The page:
In the second session, two Nicks (Nick Wilshere and Nicolò d’Alconzo) shed light on different aspects of works by Lucian. Nick Wilshere (Nottingham)gave a close reading of Lucian’s short piece, Hercules, in which the Greek narrator, travelling in Celtic lands, encounters a painting of Herakles or ‘Ogmios’, which he has difficulty interpreting. A local Celtic ‘philosopher’ comes to his assistance, and the two men compete to display their cultural education (paideia) by quoting Homer. Nick analysed the delicate interplay between the two; how each character uses the particular lines he quotes, embedding them in a new context. Nicolò (Exeter) journeyed from Lucian to the Greek novels, pointing out that various features of Lucian’s dialogue, the Amores, have counterparts in the novels. For example, both the Amores and Xenophon of Ephesus include similar voyages from east to west. Other elements common to each include the appearance of temple attendants as characters, settings in ‘Platonic’ gardens (like in the Phaedrus), and the device of describing or interpreting art.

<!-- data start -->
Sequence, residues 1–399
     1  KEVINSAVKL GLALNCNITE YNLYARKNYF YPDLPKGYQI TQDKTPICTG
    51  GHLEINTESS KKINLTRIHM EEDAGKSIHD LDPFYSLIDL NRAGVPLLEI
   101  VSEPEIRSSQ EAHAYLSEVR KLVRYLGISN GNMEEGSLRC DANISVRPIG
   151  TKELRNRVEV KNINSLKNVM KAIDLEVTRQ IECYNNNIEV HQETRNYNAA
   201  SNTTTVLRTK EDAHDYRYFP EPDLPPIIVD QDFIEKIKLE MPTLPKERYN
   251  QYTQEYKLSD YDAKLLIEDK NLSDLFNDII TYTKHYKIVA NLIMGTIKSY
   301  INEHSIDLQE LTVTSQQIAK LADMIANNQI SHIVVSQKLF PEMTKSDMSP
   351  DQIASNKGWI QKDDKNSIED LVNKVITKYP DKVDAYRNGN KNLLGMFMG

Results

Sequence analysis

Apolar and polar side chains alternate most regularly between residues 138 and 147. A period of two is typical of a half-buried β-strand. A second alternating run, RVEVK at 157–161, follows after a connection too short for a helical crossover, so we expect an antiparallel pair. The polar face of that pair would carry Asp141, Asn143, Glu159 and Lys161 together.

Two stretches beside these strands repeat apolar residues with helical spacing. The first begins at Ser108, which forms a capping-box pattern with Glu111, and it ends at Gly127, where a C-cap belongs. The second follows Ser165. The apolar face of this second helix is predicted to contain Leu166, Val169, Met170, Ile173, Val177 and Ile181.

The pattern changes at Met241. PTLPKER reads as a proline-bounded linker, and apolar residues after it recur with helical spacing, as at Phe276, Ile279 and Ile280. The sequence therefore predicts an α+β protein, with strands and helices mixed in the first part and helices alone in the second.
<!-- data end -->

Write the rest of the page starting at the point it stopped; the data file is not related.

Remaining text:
The two papers of the final session each dealt in different ways with the literary tradition, its reception, and those who utilised it for their own ends. Chris Mallan (Oxford) dealt with Pseudo-Appian’s Parthica, a text previously neglected by scholars, dismissed as a product of the Byzantine period. Yet references to a projected Parthica in Appian’s own work, and similarities between this text and Plutarch’s Antony suggest, Chris argued, that the author of the Parthica was more probably familiar with Appian’s work, and wrote in the second century A.D. This author may have appropriated Appian’s name for legitimacy, which raises questions regarding literary imitation and imposture at the time. Dan Jolowicz’s (Cambridge) paper challenged the widespread assumption that Greeks in the imperial period were not interested in reading – or enjoying – Latin literature. He drew attention to some Greek inscriptions that seem to refer to Greek poets composing in Latin, papyri with texts (like Virgil) designed for Greeks wishing to learn Latin, and references in the literature to Greeks reading Latin works.